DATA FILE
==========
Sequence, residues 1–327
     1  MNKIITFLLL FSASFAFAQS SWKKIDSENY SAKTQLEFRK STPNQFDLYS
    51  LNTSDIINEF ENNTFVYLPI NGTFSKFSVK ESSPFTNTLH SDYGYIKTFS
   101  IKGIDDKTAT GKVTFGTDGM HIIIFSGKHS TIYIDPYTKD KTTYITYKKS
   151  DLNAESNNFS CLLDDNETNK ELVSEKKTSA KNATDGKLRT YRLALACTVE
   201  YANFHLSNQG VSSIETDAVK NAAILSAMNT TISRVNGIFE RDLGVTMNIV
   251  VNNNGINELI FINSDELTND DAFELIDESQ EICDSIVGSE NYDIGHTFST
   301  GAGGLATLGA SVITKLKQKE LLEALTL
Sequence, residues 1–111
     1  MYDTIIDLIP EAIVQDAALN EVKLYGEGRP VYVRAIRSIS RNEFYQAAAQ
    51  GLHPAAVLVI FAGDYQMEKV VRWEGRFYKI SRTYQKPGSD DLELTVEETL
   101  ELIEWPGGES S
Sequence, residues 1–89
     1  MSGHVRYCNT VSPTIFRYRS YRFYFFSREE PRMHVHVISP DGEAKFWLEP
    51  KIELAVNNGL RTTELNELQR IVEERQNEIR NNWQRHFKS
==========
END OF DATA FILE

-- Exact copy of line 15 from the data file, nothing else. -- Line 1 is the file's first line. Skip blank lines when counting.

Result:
    51  KIELAVNNGL RTTELNELQR IVEERQNEIR NNWQRHFKS